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A Judge Extends the Ban on Posting 3-D Printed Gun Plans Online

A federal judge in Seattle on Monday ruled to continue a ban on the posting of 3-D printed gun plans online.

United States District Judge Robert S. Lasnik ruled in favor of Washington, D.C., and 19 states that had filed a lawsuit against Defense Distributed, a Texas-based open-source organization that runs an online database of gun files, to bar the company from posting 3-D printed gun plans online.

"Plaintiffs have a legitimate fear that adding undetectable and untraceable guns to the arsenal of weaponry already available will likely increase the threat of gun violence they and their people experience," Lasnik wrote in Monday's ruling.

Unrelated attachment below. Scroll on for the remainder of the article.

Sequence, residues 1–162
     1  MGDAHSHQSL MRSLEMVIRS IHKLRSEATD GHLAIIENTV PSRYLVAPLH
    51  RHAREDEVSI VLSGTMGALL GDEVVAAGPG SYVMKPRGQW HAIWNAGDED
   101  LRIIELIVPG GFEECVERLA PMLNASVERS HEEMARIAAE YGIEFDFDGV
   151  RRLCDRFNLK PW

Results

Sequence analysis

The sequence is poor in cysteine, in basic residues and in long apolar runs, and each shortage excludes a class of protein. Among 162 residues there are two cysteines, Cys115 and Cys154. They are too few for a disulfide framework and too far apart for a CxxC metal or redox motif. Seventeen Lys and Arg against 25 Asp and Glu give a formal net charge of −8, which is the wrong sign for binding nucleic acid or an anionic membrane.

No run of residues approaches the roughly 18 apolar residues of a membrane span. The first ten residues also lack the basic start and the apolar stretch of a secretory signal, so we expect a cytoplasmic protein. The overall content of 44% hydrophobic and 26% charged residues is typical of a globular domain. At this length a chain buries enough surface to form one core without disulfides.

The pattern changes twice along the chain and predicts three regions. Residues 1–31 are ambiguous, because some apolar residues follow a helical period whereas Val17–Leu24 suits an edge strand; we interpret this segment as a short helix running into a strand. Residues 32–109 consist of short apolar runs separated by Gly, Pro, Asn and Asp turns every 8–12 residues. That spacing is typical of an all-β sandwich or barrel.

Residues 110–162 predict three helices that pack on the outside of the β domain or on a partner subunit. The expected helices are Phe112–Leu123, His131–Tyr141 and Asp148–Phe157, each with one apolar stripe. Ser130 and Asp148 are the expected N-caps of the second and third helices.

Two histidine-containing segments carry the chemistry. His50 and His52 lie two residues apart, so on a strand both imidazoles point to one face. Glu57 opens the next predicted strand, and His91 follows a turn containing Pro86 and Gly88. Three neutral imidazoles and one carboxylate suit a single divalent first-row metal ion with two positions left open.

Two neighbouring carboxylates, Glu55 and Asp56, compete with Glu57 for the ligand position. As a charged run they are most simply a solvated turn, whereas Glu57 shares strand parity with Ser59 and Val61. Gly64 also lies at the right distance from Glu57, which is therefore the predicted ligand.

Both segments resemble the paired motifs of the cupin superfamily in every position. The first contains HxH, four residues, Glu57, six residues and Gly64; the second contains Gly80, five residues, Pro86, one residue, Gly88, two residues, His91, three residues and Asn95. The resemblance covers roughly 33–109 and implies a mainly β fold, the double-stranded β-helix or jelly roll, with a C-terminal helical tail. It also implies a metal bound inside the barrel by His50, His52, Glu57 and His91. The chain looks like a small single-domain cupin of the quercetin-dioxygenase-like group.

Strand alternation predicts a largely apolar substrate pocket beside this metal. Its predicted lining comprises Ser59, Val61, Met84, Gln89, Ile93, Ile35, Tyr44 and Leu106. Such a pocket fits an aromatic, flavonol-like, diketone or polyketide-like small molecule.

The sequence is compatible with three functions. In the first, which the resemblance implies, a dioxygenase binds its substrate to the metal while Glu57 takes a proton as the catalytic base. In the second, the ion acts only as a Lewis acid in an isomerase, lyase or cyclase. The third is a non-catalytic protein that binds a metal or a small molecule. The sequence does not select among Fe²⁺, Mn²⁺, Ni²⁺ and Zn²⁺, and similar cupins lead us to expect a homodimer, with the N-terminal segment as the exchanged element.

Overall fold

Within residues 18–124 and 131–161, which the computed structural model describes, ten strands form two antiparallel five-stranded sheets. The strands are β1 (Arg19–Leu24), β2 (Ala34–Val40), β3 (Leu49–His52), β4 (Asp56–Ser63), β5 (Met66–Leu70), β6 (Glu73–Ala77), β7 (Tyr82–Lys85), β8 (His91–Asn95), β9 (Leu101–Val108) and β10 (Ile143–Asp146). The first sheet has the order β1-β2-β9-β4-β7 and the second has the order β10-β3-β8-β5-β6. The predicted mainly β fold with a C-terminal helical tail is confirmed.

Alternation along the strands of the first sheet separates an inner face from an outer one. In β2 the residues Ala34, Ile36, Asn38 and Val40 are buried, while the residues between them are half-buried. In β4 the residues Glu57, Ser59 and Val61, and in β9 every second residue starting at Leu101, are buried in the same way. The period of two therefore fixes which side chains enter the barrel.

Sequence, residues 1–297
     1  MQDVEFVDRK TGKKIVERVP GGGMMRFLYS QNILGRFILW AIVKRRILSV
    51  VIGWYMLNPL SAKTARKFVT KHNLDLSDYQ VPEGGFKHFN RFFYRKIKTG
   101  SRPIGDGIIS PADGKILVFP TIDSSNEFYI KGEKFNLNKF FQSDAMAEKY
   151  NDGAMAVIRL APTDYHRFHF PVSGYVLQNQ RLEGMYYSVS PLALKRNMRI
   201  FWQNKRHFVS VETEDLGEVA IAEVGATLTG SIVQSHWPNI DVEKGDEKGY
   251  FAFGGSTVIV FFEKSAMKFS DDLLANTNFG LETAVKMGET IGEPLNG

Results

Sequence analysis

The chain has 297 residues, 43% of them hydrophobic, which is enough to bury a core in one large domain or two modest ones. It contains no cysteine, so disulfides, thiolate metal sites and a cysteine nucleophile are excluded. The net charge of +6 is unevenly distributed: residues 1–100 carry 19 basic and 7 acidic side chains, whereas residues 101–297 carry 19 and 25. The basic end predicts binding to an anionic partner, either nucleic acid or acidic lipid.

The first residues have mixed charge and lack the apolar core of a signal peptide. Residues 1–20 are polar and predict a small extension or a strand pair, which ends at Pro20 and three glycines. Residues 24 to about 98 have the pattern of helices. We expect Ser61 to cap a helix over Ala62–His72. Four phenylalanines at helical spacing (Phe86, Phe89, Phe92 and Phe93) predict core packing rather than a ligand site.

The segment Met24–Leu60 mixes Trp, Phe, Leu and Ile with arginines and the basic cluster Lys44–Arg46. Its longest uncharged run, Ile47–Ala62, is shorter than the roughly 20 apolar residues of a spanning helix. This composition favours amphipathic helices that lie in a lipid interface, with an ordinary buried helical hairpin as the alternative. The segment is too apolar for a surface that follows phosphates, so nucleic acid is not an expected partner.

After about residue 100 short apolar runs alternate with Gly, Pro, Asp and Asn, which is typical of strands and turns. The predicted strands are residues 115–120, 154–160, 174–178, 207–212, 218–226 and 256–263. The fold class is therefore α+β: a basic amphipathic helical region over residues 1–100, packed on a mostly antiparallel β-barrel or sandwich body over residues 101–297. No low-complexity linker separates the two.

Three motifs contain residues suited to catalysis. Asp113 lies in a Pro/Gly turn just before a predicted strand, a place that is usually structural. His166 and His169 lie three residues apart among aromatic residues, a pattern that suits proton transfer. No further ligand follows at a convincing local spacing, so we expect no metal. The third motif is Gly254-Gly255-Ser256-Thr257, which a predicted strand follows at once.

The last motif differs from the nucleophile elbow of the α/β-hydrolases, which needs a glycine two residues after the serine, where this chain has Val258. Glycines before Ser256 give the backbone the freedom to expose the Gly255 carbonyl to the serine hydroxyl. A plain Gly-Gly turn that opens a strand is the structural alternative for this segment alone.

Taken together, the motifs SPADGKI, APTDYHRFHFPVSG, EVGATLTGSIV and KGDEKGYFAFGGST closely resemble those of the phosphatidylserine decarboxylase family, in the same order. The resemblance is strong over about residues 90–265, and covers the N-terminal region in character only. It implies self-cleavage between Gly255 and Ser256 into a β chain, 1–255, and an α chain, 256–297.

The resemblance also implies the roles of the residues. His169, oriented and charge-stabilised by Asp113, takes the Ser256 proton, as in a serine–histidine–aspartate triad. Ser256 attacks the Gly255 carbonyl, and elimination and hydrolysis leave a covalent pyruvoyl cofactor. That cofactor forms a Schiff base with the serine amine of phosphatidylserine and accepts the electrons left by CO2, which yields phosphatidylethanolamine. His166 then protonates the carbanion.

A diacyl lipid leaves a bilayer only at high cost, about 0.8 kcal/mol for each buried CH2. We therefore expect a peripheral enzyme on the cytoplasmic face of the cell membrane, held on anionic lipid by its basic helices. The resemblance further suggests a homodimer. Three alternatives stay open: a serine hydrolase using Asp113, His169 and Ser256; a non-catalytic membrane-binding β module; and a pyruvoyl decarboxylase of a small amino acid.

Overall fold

The judge's decision extended his earlier ban, in which he'd ruled against Defense Distributed and Cody Wilson, its founder. Wilson argued that the First Amendment protected his right to publish the blueprints, but Lasnik found that "the public interest strongly supports maintaining the status quo" due to the "irreparable harms the States are likely to suffer if the existing restrictions are withdrawn."

The controversy surrounding 3-D printed guns made headlines last month after President Donald Trump tweeted that he was "looking into 3-D Plastic Guns being sold to the public."

Lasnik's ruling briefly acknowledges the fact that such plans have been available on websites such as Github since they were first published five years ago, Ars Technica reports.